Welcome to Ad Age Datacenter Weekly, our data-obsessed newsletter for marketing and media professionals.
Top 10 March Madness advertisers so far: Datacenter Weekly
Innovid to use Walmart data to target CTV advertising
“Innovid struck a deal with Walmart Connect to use the retail giant’s data to target and deliver personalized creative to shoppers on connected TV networks,” Ad Age’s Jack Neff reports.
Buy-in so far: “Publicis Media’s Spark Foundry and its Campbell Soup Co. client are among early users of the capability, which is delivered via Walmart Connect’s demand-side platform (DSP), managed through The Trade Desk,” Neff notes.
Essential context: “The move comes as brands, in particular packaged-goods marketers, rapidly increase their spending on both retail media and CTV, and retail media networks increase their efforts to harness their data to let advertisers shape their buys on CTV,” Neff adds. “Kroger Precision Marketing last year opened its retail data marketplace for use in connected TV buys via several DSPs. Roundel has made similar moves. And Amazon—both a retailer and a substantial player in ad-supported CTV via its own Freevee network and others—also makes data available for targeting on streaming networks.”
Macroeconomic news and data in a nutshell
• “US jobless claims inch down as labor market remains tight,” ABC News reports
• “Here’s what the Federal Reserve’s 25 basis point interest rate hike means for your money,” per CNBC.
• “The Fed Has Targeted 2% Inflation. Should It Aim Higher?,” from The New York Times
Previously: US ad employment fell by 1,000 jobs in February
Don’t miss: Layoffs and budget cuts—tracking economic moves and news
Top 10 March Madness 2023 advertisers (so far)
This just in: Here are the top 10 March Madness TV advertisers so far, per TV measurement firm iSpot.tv, as ranked by share of household impressions:
1. AT&T Wireless (4.52%)
2. Progressive (2.48%)
3. GEICO (2.48%)
4. Nissan (2.42%)
5. Buick (2.32%)
6. Capital One Credit Card (2.22%)
7. Buffalo Wild Wings (2.22%)
8. State Farm (2.11%)
9. GMC (1.91%)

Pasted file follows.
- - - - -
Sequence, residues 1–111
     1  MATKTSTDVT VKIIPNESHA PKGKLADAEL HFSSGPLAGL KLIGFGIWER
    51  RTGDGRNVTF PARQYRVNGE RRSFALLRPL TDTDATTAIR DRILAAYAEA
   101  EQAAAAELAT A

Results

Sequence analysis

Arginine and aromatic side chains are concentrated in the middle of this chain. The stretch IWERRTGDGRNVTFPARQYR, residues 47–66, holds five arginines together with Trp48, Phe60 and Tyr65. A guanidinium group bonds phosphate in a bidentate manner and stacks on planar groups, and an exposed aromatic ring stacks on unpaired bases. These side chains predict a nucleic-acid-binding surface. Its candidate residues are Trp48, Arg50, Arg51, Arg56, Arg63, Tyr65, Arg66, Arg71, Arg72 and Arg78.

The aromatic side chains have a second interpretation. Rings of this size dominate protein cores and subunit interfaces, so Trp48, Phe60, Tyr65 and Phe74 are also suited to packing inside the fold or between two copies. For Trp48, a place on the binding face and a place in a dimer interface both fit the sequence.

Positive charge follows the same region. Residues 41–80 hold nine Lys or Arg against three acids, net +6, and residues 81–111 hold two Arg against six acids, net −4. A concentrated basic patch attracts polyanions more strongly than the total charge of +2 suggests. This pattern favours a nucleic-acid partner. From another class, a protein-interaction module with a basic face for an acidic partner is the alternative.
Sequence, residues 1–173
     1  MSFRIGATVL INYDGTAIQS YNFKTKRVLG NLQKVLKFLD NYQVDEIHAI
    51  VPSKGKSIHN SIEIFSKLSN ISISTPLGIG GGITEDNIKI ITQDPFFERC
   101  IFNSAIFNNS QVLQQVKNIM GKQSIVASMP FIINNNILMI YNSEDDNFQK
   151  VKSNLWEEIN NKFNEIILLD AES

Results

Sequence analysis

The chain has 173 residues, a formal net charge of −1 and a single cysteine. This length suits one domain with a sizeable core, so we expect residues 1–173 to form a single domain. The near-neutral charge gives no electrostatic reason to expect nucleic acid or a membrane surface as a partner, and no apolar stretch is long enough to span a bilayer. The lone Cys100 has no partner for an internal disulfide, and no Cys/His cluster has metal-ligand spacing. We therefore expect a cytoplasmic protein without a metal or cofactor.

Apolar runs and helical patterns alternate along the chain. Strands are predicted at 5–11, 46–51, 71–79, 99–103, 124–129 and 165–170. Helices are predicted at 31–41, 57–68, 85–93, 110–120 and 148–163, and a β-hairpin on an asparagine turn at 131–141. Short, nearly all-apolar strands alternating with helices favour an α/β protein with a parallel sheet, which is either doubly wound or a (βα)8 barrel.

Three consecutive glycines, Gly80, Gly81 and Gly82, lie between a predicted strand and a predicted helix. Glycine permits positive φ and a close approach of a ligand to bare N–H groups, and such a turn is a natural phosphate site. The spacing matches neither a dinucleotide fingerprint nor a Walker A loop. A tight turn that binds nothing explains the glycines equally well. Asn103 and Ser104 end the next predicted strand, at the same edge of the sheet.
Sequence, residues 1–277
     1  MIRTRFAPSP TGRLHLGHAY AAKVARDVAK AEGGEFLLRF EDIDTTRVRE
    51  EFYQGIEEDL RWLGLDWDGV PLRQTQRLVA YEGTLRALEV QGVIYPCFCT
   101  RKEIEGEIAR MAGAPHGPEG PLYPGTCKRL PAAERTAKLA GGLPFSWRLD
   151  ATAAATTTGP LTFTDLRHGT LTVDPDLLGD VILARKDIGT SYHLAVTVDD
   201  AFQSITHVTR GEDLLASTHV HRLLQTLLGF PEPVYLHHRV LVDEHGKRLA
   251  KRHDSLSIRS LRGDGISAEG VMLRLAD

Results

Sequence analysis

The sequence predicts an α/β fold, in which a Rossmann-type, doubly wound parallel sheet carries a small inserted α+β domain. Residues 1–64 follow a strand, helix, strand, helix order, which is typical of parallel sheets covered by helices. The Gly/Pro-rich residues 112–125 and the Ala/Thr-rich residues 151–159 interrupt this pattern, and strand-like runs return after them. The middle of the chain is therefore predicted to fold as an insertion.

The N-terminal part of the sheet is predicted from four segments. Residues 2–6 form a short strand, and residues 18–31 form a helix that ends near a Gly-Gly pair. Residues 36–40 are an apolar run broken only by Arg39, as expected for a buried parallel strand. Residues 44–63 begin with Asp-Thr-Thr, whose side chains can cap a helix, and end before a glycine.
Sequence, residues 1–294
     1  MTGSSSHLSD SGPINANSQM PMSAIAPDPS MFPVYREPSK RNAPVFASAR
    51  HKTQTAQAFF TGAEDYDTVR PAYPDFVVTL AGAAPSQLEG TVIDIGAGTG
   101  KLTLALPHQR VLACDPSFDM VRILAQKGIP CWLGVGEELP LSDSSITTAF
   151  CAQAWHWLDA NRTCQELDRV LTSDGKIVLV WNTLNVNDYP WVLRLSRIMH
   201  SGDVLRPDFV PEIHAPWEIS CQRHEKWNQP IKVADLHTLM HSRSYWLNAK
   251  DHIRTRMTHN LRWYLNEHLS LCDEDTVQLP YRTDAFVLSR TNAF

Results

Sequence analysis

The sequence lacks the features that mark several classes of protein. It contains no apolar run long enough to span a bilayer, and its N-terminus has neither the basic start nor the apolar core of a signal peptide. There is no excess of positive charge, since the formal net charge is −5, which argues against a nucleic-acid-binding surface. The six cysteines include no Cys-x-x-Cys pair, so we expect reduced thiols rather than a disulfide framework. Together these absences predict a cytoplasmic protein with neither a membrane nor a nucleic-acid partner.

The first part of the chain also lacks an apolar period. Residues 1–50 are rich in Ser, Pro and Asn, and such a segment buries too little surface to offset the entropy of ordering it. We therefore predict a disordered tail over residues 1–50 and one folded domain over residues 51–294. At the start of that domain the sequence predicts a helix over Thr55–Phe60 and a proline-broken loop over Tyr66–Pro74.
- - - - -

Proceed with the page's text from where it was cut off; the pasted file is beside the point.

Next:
10. Subway (1.80%)
Previously: Measuring March Madness, silver screen ad attention and more: Datacenter Weekly (March 17)
See also: Women’s March Madness ad inventory sells out
GM’s zero-party data play
Ad Age’s Garett Sloane reports that GM “is investing in its customer data platform to help move drivers into EVs, and the strategy hinges on ‘taking our first-party data down to zero-party data,’ according to Ajay Kapoor, GM’s global director of performance driven marketing.”
The big picture: “GM has had a tremendous amount of first-party data, on the vehicle, the individuals, households,” Kapoor told Sloane. “Now, it’s about really driving activation, and cleaning up and pulling that [data] together … gelling that together in an enterprise data strategy.”
First-party vs. zero-party data: “First-party data is information brands collect during the normal course of business,” Sloane explains. “For instance, when a person visits a website and buys a product, the brand could infer a certain amount of information from the consumer. ... Zero-party data is more direct, when the consumer states a preference and opts into using that preference for greater customization in marketing and services. For GM, this is a key distinction as it builds a more complete marketing picture of its customers, and as it deals with the transition in digital media that is moving away from cookies and third-party ad IDs.”
• “Amazon DSP measurement—what brands are getting wrong,” from Ad Age
• “TikTok CEO defends app to Congress—what brands need to know,” also from Ad Age
• “AT&T Vendor Data Breach Exposed 9 Million Customer Accounts,” CNET reports
• “Your Data Is Diminishing Your Freedom,” from The New York Times Magazine
Ad Age Best Places to Work 2023
In his introduction to Ad Age’s Best Places to Work 2023 package, Ad Age Datacenter’s Bradley Johnson writes,
The best practices at the Best Places to Work turn out to be pretty straightforward:
Fair pay. Solid benefits.
Recruit and retain a diverse workforce. Keep staffing levels adequate so team members and teams can do their best work.
Provide good training and keep employees in the loop on how the business is doing. Tilt work-life balance a bit more toward life.
Easy to say—and hard to do. Ad Age Best Places to Work 2023 honors 50 companies for a job well done last year amid the challenges of a tight talent pool, uncertain economy and ongoing effects of the pandemic.
The newsletter is brought to you by Ad Age Datacenter, the industry’s most authoritative source of competitive intel and home to the Ad Age Leading National Advertisers, the Ad Age Agency Report: World’s Biggest Agency Companies and other exclusive data-driven reports. Access or subscribe to Ad Age Datacenter at AdAge.com/Datacenter.
Ad Age Datacenter is Kevin Brown, Bradley Johnson and Joy R. Lee.